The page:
Newby needing road map for possible 2 boat purchase for Orcas Island (San Juan Islands, WA state)...

Hi All,

New kid in class and very first post here for me.

I am hoping to get a “big picture road map” for all things kayak.

About a year ago my wife and I purchased a waterfront cabin on the east (quiet) side of Orcas Island in the San Juan Island chain in upper Washington State. It is right next to Doe Bay.

I have been working on remodeling all the outdated systems and am now ready for some fun! I am looking for a single kayak for myself, a possible two person kakak for my wife and I and later on a possible cheaper sit on top Kayak for short runs on sunny calm days.

We are both in our mid 50s and reasonably fit. I am 6-4” and 230 pounds. My wife is 5-4” and 120#. Our experience is minimal, just some San Juan Islands four hour sea tours and casual paddling on rivers and lakes, etc.

My wife prefers that we get a tandem kayak for when we paddle together. This might change? For my single boat I want a safe, not too “sporty” ocean boat for mostly day trips and the occasional overnight camping venture. The same thing goes for any tandem we buy. I do not want a massive heavy “barge” as I just don’t see us needing to carry that much gear.

Our house has direct water access but there are a lot of rocks, depending on tides. The tides fluctuate wildly up here. I might be able to use our neighbors property with better access but the house will have new owners soon so who knows? I do have shelter for storage though. I am a photographer so having an accessible (while on the water) dry storage hatch for cameras and gear would be great.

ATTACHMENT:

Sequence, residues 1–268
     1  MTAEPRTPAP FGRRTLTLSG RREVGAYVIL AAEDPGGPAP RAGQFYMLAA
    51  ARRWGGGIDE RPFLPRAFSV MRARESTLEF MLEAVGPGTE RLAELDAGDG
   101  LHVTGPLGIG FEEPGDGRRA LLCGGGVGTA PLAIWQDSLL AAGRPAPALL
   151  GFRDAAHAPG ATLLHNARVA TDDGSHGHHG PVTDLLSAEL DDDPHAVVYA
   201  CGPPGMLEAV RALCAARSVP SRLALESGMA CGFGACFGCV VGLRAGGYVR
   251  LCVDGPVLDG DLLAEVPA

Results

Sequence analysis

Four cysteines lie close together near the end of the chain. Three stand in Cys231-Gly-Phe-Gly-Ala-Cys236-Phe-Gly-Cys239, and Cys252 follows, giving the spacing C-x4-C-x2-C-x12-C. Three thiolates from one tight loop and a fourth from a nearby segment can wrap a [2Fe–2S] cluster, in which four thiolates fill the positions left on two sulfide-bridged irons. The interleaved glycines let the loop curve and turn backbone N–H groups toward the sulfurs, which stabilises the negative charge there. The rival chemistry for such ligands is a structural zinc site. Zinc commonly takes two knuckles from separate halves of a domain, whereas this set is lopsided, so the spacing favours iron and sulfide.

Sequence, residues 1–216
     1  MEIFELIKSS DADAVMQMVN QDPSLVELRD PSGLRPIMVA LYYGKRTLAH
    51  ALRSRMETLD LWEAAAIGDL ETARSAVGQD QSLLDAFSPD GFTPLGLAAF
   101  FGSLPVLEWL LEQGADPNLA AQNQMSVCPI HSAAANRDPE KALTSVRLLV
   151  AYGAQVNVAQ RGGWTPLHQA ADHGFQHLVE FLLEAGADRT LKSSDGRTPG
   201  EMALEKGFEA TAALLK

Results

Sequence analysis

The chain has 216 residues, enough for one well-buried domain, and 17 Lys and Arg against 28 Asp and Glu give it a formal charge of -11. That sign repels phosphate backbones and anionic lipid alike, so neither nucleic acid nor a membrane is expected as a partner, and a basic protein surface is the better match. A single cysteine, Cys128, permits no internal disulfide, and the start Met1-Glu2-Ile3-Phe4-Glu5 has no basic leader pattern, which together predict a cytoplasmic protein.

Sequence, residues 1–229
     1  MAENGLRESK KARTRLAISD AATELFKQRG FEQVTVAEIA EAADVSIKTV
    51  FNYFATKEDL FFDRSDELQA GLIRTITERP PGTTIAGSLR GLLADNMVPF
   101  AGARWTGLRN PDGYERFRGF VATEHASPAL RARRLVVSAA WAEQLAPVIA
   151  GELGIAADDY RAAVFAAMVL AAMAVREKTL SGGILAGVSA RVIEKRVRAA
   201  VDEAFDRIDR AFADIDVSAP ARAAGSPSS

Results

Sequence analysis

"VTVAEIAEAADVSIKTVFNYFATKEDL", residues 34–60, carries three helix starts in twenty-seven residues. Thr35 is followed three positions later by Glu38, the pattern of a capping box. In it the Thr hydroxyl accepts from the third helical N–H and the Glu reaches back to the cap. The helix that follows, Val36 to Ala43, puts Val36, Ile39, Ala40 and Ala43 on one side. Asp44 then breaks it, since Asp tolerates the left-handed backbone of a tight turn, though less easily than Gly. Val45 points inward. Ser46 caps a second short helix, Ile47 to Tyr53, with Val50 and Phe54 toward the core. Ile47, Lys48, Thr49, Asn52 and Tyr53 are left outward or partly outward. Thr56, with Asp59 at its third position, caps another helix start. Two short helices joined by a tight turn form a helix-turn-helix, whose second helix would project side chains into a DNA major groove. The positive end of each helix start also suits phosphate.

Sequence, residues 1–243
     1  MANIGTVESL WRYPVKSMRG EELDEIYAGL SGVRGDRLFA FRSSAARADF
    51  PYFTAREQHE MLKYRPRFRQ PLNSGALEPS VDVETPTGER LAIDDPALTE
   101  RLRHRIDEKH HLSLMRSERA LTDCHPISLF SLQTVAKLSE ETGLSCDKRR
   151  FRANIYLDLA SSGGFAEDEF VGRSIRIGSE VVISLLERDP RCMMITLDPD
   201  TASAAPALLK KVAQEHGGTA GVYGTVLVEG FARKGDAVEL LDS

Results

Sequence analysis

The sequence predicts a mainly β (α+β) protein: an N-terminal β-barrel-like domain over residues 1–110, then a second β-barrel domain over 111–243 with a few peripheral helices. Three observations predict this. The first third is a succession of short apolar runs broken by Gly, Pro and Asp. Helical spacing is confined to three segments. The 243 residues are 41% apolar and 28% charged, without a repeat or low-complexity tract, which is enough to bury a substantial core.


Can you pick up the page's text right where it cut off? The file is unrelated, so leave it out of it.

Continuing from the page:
I think I am looking for a latish model used plastic boat? While thinking about this I resize I may end up with three boats? This will be fine as we will be hosting guests and family. I plan on taking courses (spring/early summer) here on Orcas Island and perhaps Seattle as well. There are some excellent trainers and world renown experts out here like Boat Body Blade, etc.

I will also be getting a used (island car) Subaru Outback or Volvo XC70 wagon to transport boats to other locations here on the islands.

In the summer there is a large bull kelp island that forms directly across from us which attracts tourists and fishing folks. Many seem to do just fine on slower SOT or inflatable boats. So, I can see having a cheaper spur of the moment short distance runner just to get out on the water for an attempt at catching a fish?

All of this will be the lifestyle change we have worked so hard for, so I want to do this the “right way” without getting over my head and spending silly money.

I better cut this short. But any thoughts here would be most welcome…



Not sure if you saw the thread here, but Body Boat Blade is for sale and they’ve put their 2019 class schedule on hold. Shawna and Leon are doing consulting, so it might be in your best interests to give them a call not only for recommendations about coaching, but about kayaks which would fit your needs.

I did hear the rumor that the biz was going to be put up for sale. I plan on going up to Orcas for a few days on Thursday, so I will try to stop by and learn more. Your suggestion is interesting: it might be worth seeing it if it is possible to get one of them to come over and view our launch site directly and see where the general conversation goes? Might save me some money and anguish down the road. I could take pictures but having a local experienced eye viewing the whole location would be awesome. Thanks!